August 8, 2014
Madras is three hundred and seventy five years old. That is, since it was founded by the colonial regime. It existed much, much before, as a series of important historical spots. To name a few - Mylapore, Triplicane, Tiruvanmiyur, Tiruvottiyur, and many more. All these were visited by saints and had temples even before the saints came to visit in the 8th century! So, following that ancient tradition, modern Madras has always attracted the best of the best. And when it comes to dance... what a history!
I do not want to go into the Devadasi heritage of George Town. That was before my time. My research about those dancers is in my book. But I have seen and been impressed by dancers and Gurus from childhood. I was born and brought up in Santhome, which is a niche on the edge of Mylapore. In fact it is believed that the Kapaliswara temple stood in Santhome by the seashore before it was razed and rebuilt a few furlongs towards the interior.
Many flocked to learn from him. I was put under his disciple Kausalya for my arangetram aged seven! She continues her teaching today! Kamala the star pupil of Ramiah Pillai reigned long in Madras. She danced in films too and thus many who had never seen Bharatanatyam came to know this art. The other dancer who made Madras her home and is celebrating her 80th birthday this August is Vyjayanthimala Bali. She too danced in films and popularized the art. She is a superb classical dancer, and musician. She also did Madras proud by getting elected to parliament twice from South Madras.
The legendary Balasaraswathi made Madras her home. A great artist, she went from a tentative beginning in Kanchipuram to international fame, doing her heritage proud. And then, Rukmini Devi, born in Madurai, but truly a Madras icon. What a story her life was... I wish a great English film maker would make a movie about her life and times! I have seen her dance when I was a kid... Remember her magnetic stage presence, in a fabulous costume. She had style in whatever she did, said, and wrote.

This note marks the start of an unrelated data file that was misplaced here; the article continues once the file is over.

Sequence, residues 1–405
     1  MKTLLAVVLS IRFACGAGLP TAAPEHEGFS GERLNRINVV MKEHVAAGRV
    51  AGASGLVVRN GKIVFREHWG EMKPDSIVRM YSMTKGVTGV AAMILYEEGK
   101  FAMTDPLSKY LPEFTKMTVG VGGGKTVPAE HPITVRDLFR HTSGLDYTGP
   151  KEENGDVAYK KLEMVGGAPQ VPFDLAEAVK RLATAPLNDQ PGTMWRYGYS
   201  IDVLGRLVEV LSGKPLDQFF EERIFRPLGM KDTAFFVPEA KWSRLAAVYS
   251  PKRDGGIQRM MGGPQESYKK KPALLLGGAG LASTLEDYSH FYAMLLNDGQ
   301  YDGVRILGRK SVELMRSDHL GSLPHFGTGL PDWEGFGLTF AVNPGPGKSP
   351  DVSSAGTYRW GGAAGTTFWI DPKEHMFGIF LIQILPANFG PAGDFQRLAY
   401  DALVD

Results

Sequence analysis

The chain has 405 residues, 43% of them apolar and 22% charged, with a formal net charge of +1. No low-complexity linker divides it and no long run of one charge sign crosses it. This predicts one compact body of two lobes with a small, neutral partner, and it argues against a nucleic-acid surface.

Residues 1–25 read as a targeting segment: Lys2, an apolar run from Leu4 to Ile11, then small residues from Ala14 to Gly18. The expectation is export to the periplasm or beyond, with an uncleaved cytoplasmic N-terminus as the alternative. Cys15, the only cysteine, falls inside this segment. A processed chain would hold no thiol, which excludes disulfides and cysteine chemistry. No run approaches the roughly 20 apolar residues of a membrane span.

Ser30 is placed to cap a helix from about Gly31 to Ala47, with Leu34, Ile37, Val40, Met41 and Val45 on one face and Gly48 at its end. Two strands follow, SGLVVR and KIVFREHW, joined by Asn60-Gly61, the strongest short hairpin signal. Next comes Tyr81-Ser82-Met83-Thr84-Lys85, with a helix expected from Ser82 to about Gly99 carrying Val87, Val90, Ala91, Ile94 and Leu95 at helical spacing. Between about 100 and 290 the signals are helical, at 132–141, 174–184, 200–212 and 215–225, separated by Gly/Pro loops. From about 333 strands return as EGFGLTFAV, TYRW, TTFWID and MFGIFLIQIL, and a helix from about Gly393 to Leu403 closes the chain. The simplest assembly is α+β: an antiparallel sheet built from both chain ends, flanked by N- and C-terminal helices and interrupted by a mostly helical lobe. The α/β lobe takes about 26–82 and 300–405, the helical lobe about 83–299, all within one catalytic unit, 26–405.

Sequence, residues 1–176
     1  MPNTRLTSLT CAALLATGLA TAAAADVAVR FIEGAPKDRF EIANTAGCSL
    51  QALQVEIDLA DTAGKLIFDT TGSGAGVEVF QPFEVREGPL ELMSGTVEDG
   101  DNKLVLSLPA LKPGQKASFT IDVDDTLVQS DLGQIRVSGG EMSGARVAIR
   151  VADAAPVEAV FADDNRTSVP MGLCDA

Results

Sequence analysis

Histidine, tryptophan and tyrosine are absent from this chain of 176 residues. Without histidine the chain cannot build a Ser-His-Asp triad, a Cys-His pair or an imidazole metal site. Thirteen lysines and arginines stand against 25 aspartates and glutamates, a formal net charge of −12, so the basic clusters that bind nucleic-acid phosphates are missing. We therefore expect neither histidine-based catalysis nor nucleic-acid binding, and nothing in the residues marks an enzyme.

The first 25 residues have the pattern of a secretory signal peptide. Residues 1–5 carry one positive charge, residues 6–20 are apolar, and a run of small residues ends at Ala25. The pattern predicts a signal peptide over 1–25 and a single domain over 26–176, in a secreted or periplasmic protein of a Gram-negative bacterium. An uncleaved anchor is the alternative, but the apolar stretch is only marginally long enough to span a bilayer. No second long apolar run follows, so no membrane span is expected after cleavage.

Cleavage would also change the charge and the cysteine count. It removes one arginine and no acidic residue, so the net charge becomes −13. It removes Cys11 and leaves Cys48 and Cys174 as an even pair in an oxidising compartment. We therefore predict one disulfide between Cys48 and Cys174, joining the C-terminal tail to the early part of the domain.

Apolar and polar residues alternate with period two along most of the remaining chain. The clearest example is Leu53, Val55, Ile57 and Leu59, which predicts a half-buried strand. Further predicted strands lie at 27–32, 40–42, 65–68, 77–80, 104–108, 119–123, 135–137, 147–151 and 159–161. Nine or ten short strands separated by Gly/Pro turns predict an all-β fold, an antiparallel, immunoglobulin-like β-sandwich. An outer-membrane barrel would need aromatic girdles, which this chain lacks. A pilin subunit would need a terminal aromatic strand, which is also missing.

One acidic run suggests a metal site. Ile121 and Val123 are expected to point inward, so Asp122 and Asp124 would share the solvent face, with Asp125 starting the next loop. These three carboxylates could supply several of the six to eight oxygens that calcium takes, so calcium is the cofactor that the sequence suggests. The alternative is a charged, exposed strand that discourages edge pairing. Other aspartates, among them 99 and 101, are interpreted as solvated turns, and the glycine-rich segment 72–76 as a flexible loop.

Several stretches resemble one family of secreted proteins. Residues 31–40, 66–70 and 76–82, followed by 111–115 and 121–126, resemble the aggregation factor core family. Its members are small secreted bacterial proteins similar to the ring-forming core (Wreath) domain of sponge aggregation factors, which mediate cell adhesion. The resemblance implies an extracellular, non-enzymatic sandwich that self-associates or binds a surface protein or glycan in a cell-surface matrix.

Madras dance gurus are all worth mentioning with due reverence. In Egmore, Chokkalingam Pillai and later Subbaraya Pillai kept the Pandanallur flag flying high. In Mylapore, after Ramiah Pillai laid the foundation, others followed... Muthuswamy Pillai and the next generation... Rajaratnam and the remarkable K.J. Sarasa. Then there was the unsung genius Dandayudhapani Pillai, whose compositions are danced widely today. Kutralam Ganesan Pillai too made a mark. Of course we have the first firebrand lady nattuvanar, Indra Rajan. Although Kandappa was before my time, I had the pleasure of learning from Guru Ellappa, who learnt some of the nuances of the Tanjore style from him. Ellappa's name became international because he had many foreign students. For me, he was a guide for the classic Tanjore style which I enjoy performing.
Making Madras his home, Vempatti Chinna Satyam became famous, and carved a niche for a re- invented Kuchipudi, as solo dance and as a dance drama genre. Learning the classic repertoire from him was for me a lively experience.
The last fifty years of Madras has produced many dance stars....all well known to my readers. This city is the dance capital of India ... I think. My way of celebrating DANCE in MADRAS 375 is to raise a toast to all... past, present and future gurus, the dancing stars and... the truly appreciative audience.
Lakshmi Vishwanathan, a prime disciple of Guru Kanjeevaram Elappa Pillai, is an exponent of the Thanjavur style of Bharatanatyam. She is also a trained vocalist. She is the author of several acclaimed books: Bharatanatyam - the Tamil Heritage, Kunjamma - Ode to a Nightingale, Kapaleeswara Temple, Women of Pride -The Devadasi Heritage. Her film ‘The Poetry of Dance’ was commissioned by the Festival of India. The Mamallapuram Dance Festival started in 1991 was Lakshmi’s brainchild. She has served on several arts committees. She has served as Vice President of Music Academy (Chennai) and is a member of South Zone Cultural Centre.
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